Friday, August 24, 2018

A Comprehensive Guide to Secret Doors

People will draw an 'S' on their dungeon map many times before they start thinking about what makes a good secret door.

Secret doors are an absolute cornerstone of D&D, and yet they don't get as much attention as other common dungeon elements.  I guess they're a little boring (compared to traps and magic swords).

Here's the thing: secret doors are an excellent opportunity for OSR-style gameplay.  A secret door is a common dungeoneering problem that is usually solved through observation and intuitive solutions (as opposed to system mastery, or having silver weapons).

Sidenote: Courtney has written a couple of good posts but I wanted to write my own.  

Tip #1 - If it's essential, don't put it behind a secret door.

Sort of general disclaimer: if finishing a dungeon requires the PCs to go past a door, don't make it a secret door.  The reward behind a secret door should be optional.  This avoids frustration and allows secret doors to perform their primary function: rewarding players for skillful dungeoneering.

(The secondary function of a secret door is to be cool as fuck; don't underestimate the impact when the wall of the cramped cellar swings away to reveal a forest of glowing fungi.)

by Peter Mullen
Obvious Door, Hidden Lever

These is my preferred archetype.  There's three parts to this.

The Door: A sealed door makes the PCs suspect a trigger is nearby.
The Trigger: They search the room to find the trigger.  
The Reward: They are rewarded for opening the door.

The Door is obvious.  It might be a huge metal door with no way to open it except to discover the mechanism.  It could be a stout wooden trap door that can be smashed (at the cost of noise and time).  It might be a wall of flame that they can jump through at the cost of damaging themselves.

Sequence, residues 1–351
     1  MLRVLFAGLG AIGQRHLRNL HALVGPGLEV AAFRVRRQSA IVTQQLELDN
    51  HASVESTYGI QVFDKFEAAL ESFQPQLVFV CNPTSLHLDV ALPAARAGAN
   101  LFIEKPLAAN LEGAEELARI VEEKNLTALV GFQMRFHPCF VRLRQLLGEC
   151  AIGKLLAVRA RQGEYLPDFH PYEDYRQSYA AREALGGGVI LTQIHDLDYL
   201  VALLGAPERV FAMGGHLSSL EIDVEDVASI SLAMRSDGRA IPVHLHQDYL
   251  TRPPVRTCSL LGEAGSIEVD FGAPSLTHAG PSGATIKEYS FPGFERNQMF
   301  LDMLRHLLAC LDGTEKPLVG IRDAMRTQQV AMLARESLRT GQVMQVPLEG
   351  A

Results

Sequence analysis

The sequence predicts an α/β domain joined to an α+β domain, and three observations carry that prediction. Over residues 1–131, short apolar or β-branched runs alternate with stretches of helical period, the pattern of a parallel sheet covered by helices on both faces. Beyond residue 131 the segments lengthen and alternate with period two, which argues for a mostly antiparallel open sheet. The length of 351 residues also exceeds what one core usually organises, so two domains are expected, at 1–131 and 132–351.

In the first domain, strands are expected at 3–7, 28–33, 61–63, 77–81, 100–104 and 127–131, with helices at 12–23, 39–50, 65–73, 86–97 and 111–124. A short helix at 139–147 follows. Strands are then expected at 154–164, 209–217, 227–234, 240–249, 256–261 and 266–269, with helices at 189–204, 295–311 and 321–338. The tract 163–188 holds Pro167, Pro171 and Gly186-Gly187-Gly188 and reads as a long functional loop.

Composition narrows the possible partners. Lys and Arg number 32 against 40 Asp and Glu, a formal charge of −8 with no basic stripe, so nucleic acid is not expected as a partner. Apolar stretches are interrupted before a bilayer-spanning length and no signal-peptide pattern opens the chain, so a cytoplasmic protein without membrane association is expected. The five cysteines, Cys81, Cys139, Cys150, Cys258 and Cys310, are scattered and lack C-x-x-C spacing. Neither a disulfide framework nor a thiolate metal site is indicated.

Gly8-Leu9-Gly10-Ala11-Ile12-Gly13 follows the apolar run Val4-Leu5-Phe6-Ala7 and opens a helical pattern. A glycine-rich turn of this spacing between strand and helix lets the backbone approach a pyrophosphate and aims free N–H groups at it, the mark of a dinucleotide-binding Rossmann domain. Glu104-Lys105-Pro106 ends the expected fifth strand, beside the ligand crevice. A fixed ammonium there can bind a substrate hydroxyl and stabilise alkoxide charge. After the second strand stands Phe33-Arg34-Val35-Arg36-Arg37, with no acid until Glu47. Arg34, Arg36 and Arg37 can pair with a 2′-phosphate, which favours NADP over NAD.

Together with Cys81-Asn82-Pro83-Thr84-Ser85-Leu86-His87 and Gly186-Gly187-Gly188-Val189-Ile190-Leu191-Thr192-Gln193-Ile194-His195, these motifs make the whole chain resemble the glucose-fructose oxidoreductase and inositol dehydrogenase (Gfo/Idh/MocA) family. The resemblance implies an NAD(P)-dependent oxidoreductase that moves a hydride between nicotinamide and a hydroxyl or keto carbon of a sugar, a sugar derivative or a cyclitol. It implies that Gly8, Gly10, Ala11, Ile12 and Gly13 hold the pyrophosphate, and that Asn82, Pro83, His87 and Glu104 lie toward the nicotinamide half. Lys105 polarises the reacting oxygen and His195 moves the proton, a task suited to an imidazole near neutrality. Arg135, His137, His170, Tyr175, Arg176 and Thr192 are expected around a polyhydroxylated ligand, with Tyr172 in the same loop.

An obvious door allows the players to focus their search here.  Instead of searching every nook and cranny of the whole dungeon, obvious cues like this allow the players to focus their time and attention on key places.  

The Trigger is hidden.  This is the part that tests the players.  They can deduce the trigger from clues, figure out comprehensive ways to search the room, or discover some way to interact with it.  This is the fun part, because this is the challenge.  In the dungeon, this is where the gameplay is.  (One of many.)

Remember that the trigger doesn't have to be super-hidden.  Simple triggers can hide modest rewards.  That's also fun.

The Reward can be:
  • Loot.
  • A shortcut to deeper levels.
  • An ambush opportunity.
  • A place to spy on the orcs.
  • A way to slip inside the statue so you can shout at the cultists and impersonate their god.
Hidden Door, Hidden Lever

I don't like these as much.  

To be sure, they have both precedent and placement reasons, but they're easier to miss since the players are more likely to walk past them.  

True, you can train you players that you have lots of hidden doors in your dungeons, but then you are also training them to spend their time fully investigating every room in the dungeon.  I'd rather train my players to investigate the things that seem interesting (since they often are more interesting).  We can cover more dungeon that way, and I spend less time saying "you don't find anything".

Hidden Door, Obvious Lever

I guess these exist?  You pull a lever, hear a grinding sound, and then you have to backtrack to find where the door opened.

These are only fun if you have a good wandering monster table, you want to show players have rooms have changed since they were last visited, or time is one of the fun challenges in this dungeon (e.g. the dungeon is literally sinking in the ocean, do we really have time to backtrack).


Semi-hidden Doors

There is an opportunity here to make it a two-step process, with doors that are semi-hidden and then triggers that are more hidden.  It's also a gradient--you can have a semi-hidden door with a semi-hidden trigger.

Heck, you can even have a semi-hidden door with no trigger (i.e. push to open).  These are also good.

Semi-hidden doors are defined as ones where the DM uses cues (breadcrumbs) to lead the PCs to discovery of the hidden door, or at least to get them to suspect its existence (so they'll know to search the room).  

Cues for a Semi-Hidden Door (roll a d10 or a d12)
  1. Scuff marks or footprints.
  2. Hollow sounds as you walk across it.
  3. Old stains, or fresh blood dripping through the seams.
  4. Breezes.
  5. Sounds.
  6. Smells.
  7. Temperature changes.
  8. Anomalous architecture (e.g. discolored stone, sagging walls).
  9. A dead end in a hallway (especially if the hallway seems well-traveled).
  10. Obviously passable surfaces: waterfalls, curtains.
  11. Seeing a creature flee into a seemingly dead-end room.
  12. Put a clue on a map.
Using Maps to Indicate Secret Doors